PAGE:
Agreement Remains Out of Reach at Bipartisan Health Reform Summit
Democrats and Republicans engaged in debate at the health reform summit on Thursday, but they emerged without a bipartisan agreement or even a clear strategy for securing one, the Chicago Tribune reports.
The differences between the two parties' preferred reform approaches were reinforced during the discussion, which was broadcast live through several media outlets. Senate Minority Whip Jon Kyl (R-Ariz.) said, "There are some fundamental differences that we cannot paper over."
The disagreement centers on the two parties' differing views of government's role in health care reform. Democrats want comprehensive reform driven by government regulation, while Republicans prefer a more incremental approach that emphasizes the role of small businesses and individuals.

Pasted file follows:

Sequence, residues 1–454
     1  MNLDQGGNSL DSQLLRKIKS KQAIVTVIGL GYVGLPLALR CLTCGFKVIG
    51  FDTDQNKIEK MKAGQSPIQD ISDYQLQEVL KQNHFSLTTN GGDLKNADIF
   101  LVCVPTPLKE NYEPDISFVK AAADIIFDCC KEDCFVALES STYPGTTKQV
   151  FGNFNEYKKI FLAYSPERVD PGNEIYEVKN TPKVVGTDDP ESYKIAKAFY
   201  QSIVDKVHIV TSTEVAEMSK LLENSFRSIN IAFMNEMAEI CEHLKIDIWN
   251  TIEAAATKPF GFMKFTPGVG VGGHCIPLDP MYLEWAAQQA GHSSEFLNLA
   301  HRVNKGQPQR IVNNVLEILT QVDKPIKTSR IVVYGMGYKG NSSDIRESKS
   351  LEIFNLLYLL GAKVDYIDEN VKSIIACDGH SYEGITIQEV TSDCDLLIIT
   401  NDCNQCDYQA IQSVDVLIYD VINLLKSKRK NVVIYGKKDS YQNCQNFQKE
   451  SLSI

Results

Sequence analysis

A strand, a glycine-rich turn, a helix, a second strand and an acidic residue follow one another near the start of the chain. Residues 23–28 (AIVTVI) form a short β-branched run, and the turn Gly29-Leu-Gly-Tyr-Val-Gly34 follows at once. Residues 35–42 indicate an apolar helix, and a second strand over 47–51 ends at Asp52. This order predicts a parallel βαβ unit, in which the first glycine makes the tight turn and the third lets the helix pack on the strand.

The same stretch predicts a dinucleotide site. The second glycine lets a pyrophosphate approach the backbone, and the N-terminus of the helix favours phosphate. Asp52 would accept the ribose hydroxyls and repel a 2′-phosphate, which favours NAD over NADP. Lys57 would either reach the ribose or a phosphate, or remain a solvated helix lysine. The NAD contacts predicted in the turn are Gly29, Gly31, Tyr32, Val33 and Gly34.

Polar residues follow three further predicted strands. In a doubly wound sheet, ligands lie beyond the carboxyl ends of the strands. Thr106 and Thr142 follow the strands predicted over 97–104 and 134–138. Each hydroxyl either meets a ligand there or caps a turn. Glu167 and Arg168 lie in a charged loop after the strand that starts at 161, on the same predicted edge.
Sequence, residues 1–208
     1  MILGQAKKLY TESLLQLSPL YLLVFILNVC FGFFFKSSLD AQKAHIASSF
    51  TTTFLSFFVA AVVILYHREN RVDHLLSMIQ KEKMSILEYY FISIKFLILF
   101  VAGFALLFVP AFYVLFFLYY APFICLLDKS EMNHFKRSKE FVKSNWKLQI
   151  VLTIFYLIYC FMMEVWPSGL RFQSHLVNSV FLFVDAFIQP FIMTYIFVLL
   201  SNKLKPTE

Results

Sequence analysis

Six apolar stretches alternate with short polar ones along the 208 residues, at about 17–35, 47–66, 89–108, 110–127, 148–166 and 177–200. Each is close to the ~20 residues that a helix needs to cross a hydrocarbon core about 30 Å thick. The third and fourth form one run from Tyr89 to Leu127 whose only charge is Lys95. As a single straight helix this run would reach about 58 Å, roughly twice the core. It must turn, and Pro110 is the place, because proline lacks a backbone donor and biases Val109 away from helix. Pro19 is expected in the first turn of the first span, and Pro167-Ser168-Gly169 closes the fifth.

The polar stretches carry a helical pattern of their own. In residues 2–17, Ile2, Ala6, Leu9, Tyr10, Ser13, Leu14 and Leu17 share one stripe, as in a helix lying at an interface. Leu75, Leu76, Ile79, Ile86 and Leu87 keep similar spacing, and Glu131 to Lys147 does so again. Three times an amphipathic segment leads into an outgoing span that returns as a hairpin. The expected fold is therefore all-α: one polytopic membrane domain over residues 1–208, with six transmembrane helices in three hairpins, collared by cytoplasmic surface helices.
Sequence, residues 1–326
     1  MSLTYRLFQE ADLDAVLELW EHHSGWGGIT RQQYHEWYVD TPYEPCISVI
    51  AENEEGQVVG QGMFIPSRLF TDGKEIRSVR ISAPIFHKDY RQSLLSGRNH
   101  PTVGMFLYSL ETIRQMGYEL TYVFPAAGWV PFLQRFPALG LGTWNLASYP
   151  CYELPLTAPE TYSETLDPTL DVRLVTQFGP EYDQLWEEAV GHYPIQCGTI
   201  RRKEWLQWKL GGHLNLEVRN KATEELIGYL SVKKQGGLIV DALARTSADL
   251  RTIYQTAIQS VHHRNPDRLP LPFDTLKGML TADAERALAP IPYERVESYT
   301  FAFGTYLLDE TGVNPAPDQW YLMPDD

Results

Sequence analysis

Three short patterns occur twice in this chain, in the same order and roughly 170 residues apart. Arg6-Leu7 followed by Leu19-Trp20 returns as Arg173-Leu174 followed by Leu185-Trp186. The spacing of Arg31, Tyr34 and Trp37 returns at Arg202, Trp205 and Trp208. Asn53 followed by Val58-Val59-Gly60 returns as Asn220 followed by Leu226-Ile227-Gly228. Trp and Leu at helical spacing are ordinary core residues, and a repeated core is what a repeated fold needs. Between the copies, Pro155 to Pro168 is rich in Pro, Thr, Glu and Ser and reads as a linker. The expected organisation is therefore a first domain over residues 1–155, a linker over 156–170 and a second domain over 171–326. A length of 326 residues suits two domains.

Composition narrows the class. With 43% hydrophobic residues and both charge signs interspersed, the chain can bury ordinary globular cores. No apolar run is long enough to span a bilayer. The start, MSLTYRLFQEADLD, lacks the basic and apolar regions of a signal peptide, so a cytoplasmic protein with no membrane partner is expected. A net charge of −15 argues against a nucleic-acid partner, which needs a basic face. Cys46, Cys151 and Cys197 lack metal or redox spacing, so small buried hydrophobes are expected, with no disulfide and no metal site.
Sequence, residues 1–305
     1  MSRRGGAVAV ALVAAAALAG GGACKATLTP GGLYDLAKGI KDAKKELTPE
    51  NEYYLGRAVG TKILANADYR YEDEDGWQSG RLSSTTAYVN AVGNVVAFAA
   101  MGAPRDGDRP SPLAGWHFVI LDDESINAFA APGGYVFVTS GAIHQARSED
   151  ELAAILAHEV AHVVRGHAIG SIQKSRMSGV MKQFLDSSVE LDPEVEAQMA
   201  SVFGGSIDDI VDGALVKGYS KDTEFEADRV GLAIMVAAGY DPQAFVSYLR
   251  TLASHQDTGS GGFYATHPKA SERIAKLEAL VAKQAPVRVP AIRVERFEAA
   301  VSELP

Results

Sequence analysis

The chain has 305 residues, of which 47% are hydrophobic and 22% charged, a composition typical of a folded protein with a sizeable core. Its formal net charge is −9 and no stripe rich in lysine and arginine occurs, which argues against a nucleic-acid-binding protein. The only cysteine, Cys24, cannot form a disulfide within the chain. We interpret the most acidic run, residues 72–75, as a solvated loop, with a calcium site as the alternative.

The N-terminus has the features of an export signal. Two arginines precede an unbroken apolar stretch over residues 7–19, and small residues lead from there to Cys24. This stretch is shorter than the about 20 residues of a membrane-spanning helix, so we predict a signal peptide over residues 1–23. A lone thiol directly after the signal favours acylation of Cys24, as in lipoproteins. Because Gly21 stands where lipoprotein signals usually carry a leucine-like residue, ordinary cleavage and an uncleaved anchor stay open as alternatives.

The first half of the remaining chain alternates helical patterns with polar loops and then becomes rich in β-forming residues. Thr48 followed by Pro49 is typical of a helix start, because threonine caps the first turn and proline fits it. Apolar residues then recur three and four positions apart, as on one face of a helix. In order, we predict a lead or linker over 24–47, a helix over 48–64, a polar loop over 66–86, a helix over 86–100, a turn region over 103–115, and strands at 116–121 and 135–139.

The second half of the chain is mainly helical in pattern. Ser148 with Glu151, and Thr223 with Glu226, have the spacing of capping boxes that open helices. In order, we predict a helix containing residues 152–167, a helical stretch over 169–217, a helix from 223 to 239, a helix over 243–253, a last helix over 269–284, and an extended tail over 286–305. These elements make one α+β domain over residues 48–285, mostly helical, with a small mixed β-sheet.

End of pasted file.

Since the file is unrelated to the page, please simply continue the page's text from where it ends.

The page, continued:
Rep. Paul Ryan (R-Wis.) said, "We don't want to sit in Washington and mandate these things," adding that Republicans want to "decentralize" the health system (Levey/Hook, Chicago Tribune, 2/25).
House Minority Leader John Boehner (R-Ohio) reiterated the GOP's position that Democrats should "scrap" their current reform bills (Meckler/Adamy, Wall Street Journal, 2/26).
Democrats maintained that the incremental approach promoted by Republicans would be inadequate.
Senate Health, Education, Labor and Pensions Committee Chair Tom Harkin (D-Iowa) said, "We're drowning, in this country, on health care," adding, "An incremental approach is like a swimmer who's 50 feet offshore drowning, and you throw him a 10-foot rope."